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Childhood Obesity

Cultural and Spiritual Beliefs on Childhood Obesity Discuss cultural beliefs and influences relative to the health issue Culture defines a human being, it is the unique experiences that each person goes through as they continue to age and most importantly, it is a learned behavior. “Culture is a dynamic construct in that shared understandings change over time as they are shaped or Informed by the experience of Individual members of a group or the entire group” (Captor, Daniels, Eiderdowns, Kaufman, &amp: palings, 2008. P. 2215).

Different types of culture include: religious institutions, clubs, community or family- eased associations, and ethnic backgrounds. As cultures continue to merge in the United States (U. S. ) efforts to promote cultural change as it pertains to obesity can be accomplished through making changes to “globalization, a social process in which the constraints of geography on social and cultural arrangements recede, can affect obesity through the promotion of travel (e. G. , migration of populations from low- Income to high-income countries), trade (e. G. Production and dilutions of high-fat, energy-dense food and flow of investment in food processing and retailing across orders), communication (promotional food marketing), the increased gap between rich and poor, and the epidemiological transition in global burden of disease” (Capri, Daniels, Eiderdowns, Kaufman, & Palings, 2008, p. 2215). When changes are made to globalization It can result in acculturation (the change that occurs in the cultural pattern of a group when they come In contact with different cultural group and learn from one another).

For example, when a group Is taught about guidelines for engaging in healthy behaviors such as diet and exercise and the disadvantages to ever indulgence in leisure activities such as watching television or playing video games, the members of the ethnic group/culture begin to appreciate the new information and can begin to slowly wean from traditional practices. As acculturation and globalization begins to shape the cultures In the united States their desire for particular foods and types of leisure/physical activity change, in addition to their educational and economic opportunities.

A good example would be the first-generation Asian and Latino adolescents, who consume more fruits and vegetables and less soda than whites. As Asian populations generally continue to be prosperous the consumption of these foods remains relative. On the other hand, the fruit and vegetable consumption by Latino has been decreasing and their soda consumption has been Increasing. It is estimated that by the third generation, Latino will have Inferior nutrition to that of whites. Acculturation In the U. S. Incises with the decreased physical activity seen in 7th-grade Latino and Asian American adolescents. Acculturation and globalization has resulted in the abandonment of whole food diets, rich in fruits and vegetables and has been replaced with high-fat and energy- ensue diets. Less and less Americans are finding time to cook homemade meals and consumption of whole foods has left consumers hungry and snacking in between meals and has left the body so tired that there has been a decrease in seen in physical activity which has increased the risk of obesity in children and adults alike.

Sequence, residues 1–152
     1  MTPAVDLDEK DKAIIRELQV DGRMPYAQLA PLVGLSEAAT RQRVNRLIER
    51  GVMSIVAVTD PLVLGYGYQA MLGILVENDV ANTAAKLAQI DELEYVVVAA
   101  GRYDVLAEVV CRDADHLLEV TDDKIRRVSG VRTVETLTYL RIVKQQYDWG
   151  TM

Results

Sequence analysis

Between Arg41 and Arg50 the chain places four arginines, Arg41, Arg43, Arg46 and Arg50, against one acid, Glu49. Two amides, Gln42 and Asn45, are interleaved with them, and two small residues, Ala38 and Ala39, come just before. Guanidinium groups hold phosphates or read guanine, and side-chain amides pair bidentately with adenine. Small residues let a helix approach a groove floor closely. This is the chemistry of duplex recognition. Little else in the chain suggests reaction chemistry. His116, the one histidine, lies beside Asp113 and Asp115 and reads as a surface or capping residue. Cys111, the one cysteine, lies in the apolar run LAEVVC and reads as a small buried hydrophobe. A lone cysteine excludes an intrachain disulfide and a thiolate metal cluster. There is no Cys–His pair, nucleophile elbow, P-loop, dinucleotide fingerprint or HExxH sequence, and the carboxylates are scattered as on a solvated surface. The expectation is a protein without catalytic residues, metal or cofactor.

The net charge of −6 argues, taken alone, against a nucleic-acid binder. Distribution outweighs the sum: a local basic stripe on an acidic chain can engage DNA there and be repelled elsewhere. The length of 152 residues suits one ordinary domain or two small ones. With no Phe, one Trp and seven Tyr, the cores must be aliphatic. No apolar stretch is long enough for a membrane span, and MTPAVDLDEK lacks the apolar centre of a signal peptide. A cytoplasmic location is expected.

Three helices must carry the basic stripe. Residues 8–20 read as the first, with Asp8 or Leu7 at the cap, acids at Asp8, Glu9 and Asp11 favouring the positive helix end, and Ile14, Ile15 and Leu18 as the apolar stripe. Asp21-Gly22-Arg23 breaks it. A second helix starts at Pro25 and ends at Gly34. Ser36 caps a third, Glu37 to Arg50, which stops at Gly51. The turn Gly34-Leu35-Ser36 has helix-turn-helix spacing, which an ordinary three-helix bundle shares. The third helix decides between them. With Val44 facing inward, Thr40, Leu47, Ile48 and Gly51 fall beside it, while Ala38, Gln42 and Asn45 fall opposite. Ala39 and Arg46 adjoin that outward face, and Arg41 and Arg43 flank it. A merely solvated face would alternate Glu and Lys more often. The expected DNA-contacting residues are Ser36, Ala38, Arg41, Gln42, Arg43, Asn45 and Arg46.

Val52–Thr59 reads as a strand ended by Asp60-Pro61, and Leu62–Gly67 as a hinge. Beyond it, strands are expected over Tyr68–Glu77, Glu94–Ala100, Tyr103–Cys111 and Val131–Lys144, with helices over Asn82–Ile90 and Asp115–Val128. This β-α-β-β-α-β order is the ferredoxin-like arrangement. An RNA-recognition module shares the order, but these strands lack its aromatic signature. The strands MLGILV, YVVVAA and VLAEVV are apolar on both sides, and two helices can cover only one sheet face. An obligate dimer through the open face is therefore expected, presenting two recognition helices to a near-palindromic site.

Culture also plays a vital role in how a person views an acceptable body image. For example, African American and Latino women view an ideal body as vastly larger than that of a white American woman. In addition, African American and Latino men nearly display a preference for a larger woman. Due to the fact that women traditionally take on the commitment of caring, feeding and educating their children as well as sharing cultural beliefs, the views that women have in relation to their body image has significant implications for what they deem acceptable for their children.

An example of this would be that non- Hispanic white mothers tend to pay close attention to the risks of their daughter becoming overweight while Latino mothers generally would like a thinner figure for themselves but prefer their children to be plump. There are a multitude of factors that contribute to how children are fed as it pertains to a particular cultures beliefs, values and behaviors. Examples are: “affordability, availability of foods and ingredients, palatability, familiarity, and perceived healthfulness” (2013, p. 1).

These factors can either encourage immigrant families to preserve or disregard the traditional foods they are known for. “Mexican households serve as agents of dietary acculturation by rejecting the lower-calorie traditional foods prepared at home and favoring the higher-calorie foods, beverages, ND snacks they consume at school or see advertised on television and may resist efforts by their parents to restrict the availability of foods from the mainstream culture” (Capri, Daniels, Eiderdowns, Kaufman, & Palings, 2008, p. 2215). Culture also influences how families engage in physical activity.